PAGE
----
Health and Science

People are pumping young blood into their bodies to reverse aging, but the FDA says don't do it

Key Points
  • The Food and Drug Administration is advising people against "young blood" infusions.
  • In these procedures, older people are infused with blood plasma from young people.
  • Clinics say the treatment can reverse aging and memory loss, but the FDA warns these claims are unproven.
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The Food and Drug Administration is discouraging people from being infused with young blood, a procedure that's becoming increasingly common but hasn't been proven to have medical benefits.

The procedure works like it sounds. People are infused with blood plasma donated from young people. Some clinics claim the procedure works like a fountain of youth to reverse aging and memory loss or even treat diseases like dementia, Parkinson's disease, multiple sclerosis, Alzheimer's, heart disease or post-traumatic stress disorder.

Companies typically charge thousands of dollars for the treatments. That concerns the FDA, which says these infusions are "unproven and not guided by evidence from adequate and well-controlled trials."

"Simply infusing plasma is not a benign intervention and should not be used in such cavalier fashion," FDA Commissioner Scott Gottlieb told CNBC in a phone interview Tuesday.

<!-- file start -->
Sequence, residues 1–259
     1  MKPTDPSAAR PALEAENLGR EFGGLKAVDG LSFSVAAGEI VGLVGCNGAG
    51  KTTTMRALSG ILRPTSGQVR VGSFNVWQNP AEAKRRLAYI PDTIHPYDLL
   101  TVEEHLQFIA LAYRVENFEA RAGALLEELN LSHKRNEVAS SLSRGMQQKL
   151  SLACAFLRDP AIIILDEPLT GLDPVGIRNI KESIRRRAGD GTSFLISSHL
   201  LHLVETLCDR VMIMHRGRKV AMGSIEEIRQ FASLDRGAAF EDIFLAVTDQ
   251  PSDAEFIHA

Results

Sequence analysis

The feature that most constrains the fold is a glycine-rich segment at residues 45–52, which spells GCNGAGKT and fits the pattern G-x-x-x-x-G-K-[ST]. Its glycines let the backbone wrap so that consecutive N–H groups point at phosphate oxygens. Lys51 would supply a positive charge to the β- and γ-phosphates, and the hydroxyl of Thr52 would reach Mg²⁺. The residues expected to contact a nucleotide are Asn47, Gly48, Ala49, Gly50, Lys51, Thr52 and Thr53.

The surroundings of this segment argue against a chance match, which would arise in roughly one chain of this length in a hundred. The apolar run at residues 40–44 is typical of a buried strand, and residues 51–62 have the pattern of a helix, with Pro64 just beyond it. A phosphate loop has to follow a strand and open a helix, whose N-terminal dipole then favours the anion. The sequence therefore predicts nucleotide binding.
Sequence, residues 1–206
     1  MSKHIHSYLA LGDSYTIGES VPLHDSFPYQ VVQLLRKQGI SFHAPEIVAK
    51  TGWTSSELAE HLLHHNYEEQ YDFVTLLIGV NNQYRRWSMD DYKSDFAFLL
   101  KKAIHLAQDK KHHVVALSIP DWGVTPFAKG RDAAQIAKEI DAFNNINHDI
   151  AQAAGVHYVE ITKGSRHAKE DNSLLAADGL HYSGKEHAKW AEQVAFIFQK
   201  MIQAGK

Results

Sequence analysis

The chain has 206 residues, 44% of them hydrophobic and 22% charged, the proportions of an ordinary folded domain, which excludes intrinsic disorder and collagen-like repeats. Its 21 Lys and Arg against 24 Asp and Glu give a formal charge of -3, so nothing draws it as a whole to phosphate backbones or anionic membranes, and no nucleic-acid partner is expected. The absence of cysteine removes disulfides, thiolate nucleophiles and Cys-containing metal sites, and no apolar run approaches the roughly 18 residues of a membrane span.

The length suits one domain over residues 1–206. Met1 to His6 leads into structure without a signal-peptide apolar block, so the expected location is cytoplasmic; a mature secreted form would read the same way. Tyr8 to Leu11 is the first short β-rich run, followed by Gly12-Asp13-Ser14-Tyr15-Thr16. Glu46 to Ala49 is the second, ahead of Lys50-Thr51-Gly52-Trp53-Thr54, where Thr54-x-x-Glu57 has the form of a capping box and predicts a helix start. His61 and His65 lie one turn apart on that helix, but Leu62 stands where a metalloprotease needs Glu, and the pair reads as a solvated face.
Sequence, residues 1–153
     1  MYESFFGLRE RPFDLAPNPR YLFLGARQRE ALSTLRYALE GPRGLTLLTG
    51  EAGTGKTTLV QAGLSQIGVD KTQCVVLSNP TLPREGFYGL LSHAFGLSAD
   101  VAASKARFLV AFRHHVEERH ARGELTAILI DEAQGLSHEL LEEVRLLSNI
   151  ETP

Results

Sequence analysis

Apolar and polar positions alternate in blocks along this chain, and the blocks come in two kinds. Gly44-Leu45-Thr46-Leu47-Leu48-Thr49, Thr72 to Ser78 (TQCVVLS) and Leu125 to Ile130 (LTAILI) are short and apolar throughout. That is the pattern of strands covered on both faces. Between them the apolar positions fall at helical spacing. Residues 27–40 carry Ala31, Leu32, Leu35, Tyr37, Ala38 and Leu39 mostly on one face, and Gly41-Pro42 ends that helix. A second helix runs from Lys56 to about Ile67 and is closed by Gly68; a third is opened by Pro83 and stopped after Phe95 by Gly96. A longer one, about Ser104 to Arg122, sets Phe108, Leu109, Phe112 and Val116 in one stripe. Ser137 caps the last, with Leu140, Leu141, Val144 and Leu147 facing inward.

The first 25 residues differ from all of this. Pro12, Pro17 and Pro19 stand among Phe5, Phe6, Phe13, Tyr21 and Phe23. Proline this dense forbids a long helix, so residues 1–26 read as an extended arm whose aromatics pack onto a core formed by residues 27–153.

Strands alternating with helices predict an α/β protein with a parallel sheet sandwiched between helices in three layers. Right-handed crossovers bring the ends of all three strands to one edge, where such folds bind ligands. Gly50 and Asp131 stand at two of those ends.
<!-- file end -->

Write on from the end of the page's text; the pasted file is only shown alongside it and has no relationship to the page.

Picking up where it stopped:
Start-up offers $8,000 blood transfusions from teens to people who want to fight aging
Start-up offers $8,000 blood transfusions from teens to people who want to fight aging

New treatments must undergo numerous studies to demonstrate whether they're safe and effective. The FDA reviews and scrutinizes the data before determining whether treatments can enter the market.

Young blood infusions have not gone through this testing. The FDA does not recognize plasma to treat aging, memory loss or other diseases. Therefore, consumers should not assume them to be safe or effective, Gottlieb said.

"We have a lot of public health concerns. This is not an appropriate use of plasma," he said.

In addition to there being "no compelling clinical evidence on its efficacy," the FDA says there's no information on the appropriate dosing. The agency is concerned with how much young plasma these clinics are pumping into patients. Large volumes of plasma can be associated with "significant risks," including infections, allergies and respiratory and cardiovascular reactions, Gottlieb said.

The agency may pursue enforcement actions against companies offering these infusions, a process that can take months. It's starting with a warning to consumers because the agency's has immediate concerns, Gottlieb said.